This study investigates suicide rates among OECD countries, with particular effort made to gain insight into how suicide in Japan is different from suicides in other OECD countries. Several findings emerged from fixed-effect panel regressions with country-specific time-trends. First, the impacts of socioeconomic variables vary across different gender-age groups. Second, in general, better economic conditions such as high levels of income and higher economic growth were found to reduce the suicide rate, while income inequality increases the suicide rate. Third, the suicide rate is more sensitive to economic factors captured by real GDP per capita, growth rate of real GDP per capita, and the Gini index than to social factors represented by divorce rate, birth rate, female labor force participation rate, and alcohol consumption. Fourth, female and elderly suicides are more difficult to be accounted for. Finally, in accordance with general beliefs, Japan's suicide problem is very different from those of other OECD countries. The impact of the socioeconomic variables on suicide is greater in Japan than in other OECD countries.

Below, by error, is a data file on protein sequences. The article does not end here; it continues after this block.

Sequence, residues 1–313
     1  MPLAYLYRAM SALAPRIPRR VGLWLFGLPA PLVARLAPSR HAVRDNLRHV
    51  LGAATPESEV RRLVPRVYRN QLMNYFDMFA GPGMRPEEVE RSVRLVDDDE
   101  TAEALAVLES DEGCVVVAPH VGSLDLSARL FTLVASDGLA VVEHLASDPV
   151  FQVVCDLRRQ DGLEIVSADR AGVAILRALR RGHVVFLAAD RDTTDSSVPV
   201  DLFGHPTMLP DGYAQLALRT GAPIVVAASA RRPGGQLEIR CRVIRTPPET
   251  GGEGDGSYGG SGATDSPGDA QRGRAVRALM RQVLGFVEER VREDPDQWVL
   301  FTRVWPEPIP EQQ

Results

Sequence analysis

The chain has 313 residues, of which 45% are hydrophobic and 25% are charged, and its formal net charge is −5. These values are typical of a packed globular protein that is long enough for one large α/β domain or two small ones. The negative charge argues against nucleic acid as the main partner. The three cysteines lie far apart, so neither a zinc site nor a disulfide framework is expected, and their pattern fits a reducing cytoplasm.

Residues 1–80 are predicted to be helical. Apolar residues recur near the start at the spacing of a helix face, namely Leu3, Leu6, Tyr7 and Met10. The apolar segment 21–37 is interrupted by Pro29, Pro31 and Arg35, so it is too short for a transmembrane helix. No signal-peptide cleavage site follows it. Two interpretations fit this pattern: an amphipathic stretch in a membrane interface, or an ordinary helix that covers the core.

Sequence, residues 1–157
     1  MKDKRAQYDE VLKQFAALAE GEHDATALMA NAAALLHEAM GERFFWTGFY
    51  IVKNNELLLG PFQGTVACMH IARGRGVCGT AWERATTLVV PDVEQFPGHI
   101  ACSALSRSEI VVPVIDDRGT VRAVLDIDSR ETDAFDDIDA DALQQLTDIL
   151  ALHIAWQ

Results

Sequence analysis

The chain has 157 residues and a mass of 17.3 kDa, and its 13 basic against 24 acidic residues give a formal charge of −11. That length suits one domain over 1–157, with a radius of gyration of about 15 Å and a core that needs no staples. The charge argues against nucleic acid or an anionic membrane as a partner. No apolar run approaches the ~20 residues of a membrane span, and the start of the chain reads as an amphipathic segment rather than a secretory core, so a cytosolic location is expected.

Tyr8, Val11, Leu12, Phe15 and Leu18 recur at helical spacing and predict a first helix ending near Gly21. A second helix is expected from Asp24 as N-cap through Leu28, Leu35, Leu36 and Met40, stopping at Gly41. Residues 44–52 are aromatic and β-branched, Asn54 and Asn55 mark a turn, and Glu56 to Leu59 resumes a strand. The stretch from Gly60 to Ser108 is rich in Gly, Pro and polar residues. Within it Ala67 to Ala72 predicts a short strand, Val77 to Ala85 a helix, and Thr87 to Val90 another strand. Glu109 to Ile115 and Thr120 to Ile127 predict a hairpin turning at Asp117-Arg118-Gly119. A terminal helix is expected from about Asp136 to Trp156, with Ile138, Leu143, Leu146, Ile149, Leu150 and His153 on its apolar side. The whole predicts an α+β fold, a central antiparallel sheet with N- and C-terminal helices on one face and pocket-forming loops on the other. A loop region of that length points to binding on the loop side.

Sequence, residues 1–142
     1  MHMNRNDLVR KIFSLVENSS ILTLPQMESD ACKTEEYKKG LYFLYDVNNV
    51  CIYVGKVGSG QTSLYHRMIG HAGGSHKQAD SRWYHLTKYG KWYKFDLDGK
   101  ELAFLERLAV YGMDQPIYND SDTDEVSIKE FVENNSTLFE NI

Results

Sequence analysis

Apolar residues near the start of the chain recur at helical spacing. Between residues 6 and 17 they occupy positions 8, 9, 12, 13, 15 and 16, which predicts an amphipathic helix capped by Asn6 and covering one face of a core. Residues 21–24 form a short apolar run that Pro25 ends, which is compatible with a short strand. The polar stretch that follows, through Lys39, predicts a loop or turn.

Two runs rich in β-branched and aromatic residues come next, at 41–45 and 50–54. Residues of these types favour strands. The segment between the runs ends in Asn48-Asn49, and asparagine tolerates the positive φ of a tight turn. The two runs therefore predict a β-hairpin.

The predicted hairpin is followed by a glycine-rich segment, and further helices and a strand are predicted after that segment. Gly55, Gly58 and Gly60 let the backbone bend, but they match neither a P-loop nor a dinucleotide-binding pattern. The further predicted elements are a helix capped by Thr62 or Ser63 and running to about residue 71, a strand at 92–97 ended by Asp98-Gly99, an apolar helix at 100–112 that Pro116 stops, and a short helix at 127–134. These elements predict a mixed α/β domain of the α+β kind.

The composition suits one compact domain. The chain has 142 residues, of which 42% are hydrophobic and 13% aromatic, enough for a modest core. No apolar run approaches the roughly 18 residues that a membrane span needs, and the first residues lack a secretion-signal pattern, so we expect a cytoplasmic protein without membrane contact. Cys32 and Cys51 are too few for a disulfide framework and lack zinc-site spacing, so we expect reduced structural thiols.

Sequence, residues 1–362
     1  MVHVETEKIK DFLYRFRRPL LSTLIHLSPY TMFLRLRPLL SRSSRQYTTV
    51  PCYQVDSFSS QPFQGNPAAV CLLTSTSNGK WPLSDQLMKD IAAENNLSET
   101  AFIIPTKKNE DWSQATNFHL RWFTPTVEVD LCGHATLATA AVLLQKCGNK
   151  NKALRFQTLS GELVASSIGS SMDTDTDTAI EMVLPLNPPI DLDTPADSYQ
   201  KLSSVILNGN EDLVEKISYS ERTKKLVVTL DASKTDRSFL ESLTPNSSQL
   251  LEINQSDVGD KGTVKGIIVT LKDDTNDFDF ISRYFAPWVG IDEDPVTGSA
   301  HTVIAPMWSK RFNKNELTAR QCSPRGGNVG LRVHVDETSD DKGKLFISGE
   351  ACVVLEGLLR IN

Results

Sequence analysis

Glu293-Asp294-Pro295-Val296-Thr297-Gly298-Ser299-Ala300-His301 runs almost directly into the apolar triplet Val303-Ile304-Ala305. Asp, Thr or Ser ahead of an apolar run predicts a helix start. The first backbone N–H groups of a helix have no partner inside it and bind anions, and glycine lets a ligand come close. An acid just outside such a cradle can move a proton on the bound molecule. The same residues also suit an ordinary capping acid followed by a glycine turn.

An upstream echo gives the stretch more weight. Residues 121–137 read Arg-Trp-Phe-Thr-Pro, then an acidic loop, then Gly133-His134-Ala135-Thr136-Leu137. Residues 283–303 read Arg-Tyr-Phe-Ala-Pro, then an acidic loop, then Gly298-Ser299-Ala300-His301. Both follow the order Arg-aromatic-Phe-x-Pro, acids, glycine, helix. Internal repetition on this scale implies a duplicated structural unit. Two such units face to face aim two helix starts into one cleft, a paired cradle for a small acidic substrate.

Bibliographical noteFunding Information:
This research is supported financially by the Research Center for the Relationship between Market Economy and Non-market Institutions (CEMANO), the 21st Century Center of Excellence (COE) Program of the Graduate School of Economics at the University of Tokyo. Three authors contributed equally to this paper. We would like to thank the editor and the anonymous referee for constructive comments, and Yoichi Goto and Kohta Mori for their excellent research assistance.
All Science Journal Classification (ASJC) codes
- Economics and Econometrics
- Political Science and International Relations